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La Floridiana by Will Moriaty
   Now in our fifth calendar year
    PCR #215  (Vol. 5, No. 19)  This edition is for the week of May 3--9, 2004.

Florida’s Commuter Airlines from the 1960’s to the 1980’s: Part Two
 by Will Moriaty
"Van Helsing"
 by Mike Smith
Long Hot Summer Movie Doldrums
 by Andy Lalino
Wacko Jacko Went Down To Texas....Surprise Embargo on Sushi....The Asscroft and Dumbsfield Dept.
 by Vinnie Blesi
And Now I'm Steppin' Into The Twilight Zone....The Monsters Are Here!
 by Matt Drinnenberg
Knew I Wasn't Hallucinating....The Mouse That Gagged....Wish I Was A Jetson....This Game Has Lost Its Balls....Meet The Beatles, Part 15
 by Mike Smith
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Florida’s Commuter Airlines from the 1960s to the 1980s: Part Two -- Florida Airlines and Air Sunshine

The Five-Dollar Tour
My one and only flight aboard a Douglas DC-3 was in the summer of 1974 when Greg Van Stavern and I participated in a tour of the Tampa Bay area compliments of Florida Airlines.

The commuter carrier was running $5.00 tours of the Bay area out of the St. Petersburg-Clearwater International airport (PIE), which was unique in a way since the carrier did not regularly schedule flights from that airport, but did serve Tampa International Airport (TPA) at that time. You pretty much can bet that due to the growing litigious society and the more recent over-reaction to the terrorist attacks of September 11, 2001, that tours of that type are basically dead and gone (the last of which I recall was offered in 1983 by former Florida commuter carrier Dolphin Airways).

I remember how strange it was upon boarding the Three as you had to walk at a slant due to the angled aisle which was a physical response to the fixed landing wheel be located beneath the aircraft’s tail. The entire time that Greg and I were on this journey I never really got a sensation of real speed. The pilot simply directed the nose down Runway 17, the engines began to gain in horsepower, the tail section began to rise and slowly we lifted off of terra firma, watching the Showboat Dinner Theater and Ulmerton Road gradually pass below us.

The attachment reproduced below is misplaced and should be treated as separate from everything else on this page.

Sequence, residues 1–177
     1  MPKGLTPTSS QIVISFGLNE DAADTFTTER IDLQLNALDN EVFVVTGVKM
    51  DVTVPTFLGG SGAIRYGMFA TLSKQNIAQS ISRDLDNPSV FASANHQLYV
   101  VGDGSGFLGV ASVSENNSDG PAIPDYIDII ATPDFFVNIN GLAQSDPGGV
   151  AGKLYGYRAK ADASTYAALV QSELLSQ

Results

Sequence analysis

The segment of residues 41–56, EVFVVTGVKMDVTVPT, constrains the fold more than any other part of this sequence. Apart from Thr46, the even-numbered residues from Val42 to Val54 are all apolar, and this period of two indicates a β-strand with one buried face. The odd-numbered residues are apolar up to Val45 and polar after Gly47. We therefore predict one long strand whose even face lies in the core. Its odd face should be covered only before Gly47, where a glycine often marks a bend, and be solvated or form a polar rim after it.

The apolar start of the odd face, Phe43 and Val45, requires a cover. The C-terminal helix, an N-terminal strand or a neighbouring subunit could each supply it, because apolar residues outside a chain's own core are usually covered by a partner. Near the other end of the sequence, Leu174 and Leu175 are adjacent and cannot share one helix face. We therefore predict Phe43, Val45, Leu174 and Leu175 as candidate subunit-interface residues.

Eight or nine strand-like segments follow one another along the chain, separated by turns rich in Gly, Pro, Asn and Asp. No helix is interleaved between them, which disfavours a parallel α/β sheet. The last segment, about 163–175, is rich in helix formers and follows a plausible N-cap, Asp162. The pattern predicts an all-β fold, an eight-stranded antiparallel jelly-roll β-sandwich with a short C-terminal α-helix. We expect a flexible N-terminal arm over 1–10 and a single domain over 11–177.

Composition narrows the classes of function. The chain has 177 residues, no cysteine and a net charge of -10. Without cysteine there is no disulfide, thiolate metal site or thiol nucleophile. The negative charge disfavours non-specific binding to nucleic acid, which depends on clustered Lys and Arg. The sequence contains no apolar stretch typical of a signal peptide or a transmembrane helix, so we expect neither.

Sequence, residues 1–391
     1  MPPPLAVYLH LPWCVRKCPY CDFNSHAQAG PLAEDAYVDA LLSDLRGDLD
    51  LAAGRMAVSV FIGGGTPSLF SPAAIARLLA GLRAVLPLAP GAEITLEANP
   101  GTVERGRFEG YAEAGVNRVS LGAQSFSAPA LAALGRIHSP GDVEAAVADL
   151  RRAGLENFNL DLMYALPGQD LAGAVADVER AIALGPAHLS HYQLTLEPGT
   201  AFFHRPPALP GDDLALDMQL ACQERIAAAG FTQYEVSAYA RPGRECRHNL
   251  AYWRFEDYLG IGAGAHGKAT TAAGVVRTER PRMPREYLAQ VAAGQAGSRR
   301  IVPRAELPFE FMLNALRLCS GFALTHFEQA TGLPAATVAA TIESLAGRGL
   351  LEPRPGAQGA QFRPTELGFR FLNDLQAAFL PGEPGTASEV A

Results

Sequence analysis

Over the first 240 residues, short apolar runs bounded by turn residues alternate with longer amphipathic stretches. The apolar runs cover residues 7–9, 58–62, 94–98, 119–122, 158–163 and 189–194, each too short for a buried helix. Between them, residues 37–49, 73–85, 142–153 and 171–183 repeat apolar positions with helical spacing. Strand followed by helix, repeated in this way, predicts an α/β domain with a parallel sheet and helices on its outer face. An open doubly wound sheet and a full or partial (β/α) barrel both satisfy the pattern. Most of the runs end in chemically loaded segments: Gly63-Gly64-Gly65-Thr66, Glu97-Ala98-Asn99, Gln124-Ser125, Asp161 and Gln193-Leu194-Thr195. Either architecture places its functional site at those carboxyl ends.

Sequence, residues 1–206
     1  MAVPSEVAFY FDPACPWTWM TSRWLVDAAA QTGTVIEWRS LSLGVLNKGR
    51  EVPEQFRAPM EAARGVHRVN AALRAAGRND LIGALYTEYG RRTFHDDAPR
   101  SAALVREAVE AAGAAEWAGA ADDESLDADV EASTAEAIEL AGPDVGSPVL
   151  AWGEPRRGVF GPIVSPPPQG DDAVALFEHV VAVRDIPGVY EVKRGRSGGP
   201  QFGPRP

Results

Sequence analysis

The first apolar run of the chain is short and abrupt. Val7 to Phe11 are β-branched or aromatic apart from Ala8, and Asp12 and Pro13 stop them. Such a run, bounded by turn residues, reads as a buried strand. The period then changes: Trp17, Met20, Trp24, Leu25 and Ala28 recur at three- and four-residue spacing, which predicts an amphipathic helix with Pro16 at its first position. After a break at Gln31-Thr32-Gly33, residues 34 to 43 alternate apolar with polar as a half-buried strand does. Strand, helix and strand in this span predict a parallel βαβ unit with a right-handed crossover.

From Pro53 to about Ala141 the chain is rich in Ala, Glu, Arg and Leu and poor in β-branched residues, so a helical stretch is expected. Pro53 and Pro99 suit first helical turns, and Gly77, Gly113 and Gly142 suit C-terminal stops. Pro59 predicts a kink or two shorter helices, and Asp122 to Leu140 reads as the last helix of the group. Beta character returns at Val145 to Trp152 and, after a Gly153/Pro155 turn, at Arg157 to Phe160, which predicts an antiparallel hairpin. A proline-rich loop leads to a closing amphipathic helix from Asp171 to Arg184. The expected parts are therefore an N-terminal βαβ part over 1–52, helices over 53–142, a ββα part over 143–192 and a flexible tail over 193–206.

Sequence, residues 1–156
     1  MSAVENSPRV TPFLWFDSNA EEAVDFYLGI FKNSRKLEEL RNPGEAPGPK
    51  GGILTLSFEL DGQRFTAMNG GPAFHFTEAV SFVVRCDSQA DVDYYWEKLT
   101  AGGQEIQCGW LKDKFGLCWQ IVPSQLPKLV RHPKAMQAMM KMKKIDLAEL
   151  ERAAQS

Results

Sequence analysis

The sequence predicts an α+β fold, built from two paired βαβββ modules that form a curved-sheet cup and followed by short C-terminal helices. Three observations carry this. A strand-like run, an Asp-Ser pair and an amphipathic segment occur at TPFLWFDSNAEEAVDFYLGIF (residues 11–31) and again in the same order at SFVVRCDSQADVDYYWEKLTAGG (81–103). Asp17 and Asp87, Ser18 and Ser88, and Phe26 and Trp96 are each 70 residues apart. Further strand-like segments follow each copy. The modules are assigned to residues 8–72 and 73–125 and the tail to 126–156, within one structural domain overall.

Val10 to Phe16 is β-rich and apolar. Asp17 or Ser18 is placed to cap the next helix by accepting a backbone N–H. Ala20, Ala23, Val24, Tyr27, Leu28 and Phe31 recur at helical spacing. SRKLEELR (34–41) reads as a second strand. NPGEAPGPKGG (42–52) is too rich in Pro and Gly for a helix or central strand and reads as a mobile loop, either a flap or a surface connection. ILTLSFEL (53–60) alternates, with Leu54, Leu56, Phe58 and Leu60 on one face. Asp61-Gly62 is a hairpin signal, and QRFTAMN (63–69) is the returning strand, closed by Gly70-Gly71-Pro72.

I also remember how blown away I was when I walked by the wing adjacent to the passenger door and noticed that the majority of the wing was made of canvas! What a wonderful trip and memory. It wouldn’t have been possible without Florida Airlines and its white and red Douglas DC-3!

Florida Airlines
By the account of author Bill Odell (http://www.bluegrassairlines.com/bgas/flaair.htm), Florida Airlines was born in the Tampa Bay area of Florida.

Initially known as Florida Air Taxi, it provided service to and from Peter O. Knight Airport in Tampa to Albert Whitted Field in St. Petersburg. Although by today’s standards this short of a hop would not even be considered a viable revenue provider, it literally took the better part of a day to travel between these two cities by car until the causeways and improved roads were developed. As late as the 1960’s, Florida Air Taxi used three Piper Apaches, two V-tailed Beechcraft Bonanzas and three Beechcraft B-18’s.

1960’s Expansion
By the second half of the 1960’s, Florida Air Taxi expanded their route system to Ocala and Gainesville to the north and Ft. Myers to the south.

Florida air taxi soon found itself working on behalf of National Airlines flying back-up flights to Ft. Myers when National was overbooked to that destination. A strike in 1969 found Florida Air Taxi, now renamed Florida Airlines providing its service between Tampa and Ft. Myers in such density that larger equipment was required so Douglas DC-3s were added to the fleet. Business and schedules skyrocketed for the Tampa based carrier, and shortly afterward it moved its base of operation to the Sarasota-Bradenton airport, as well as adding it to its route system roster.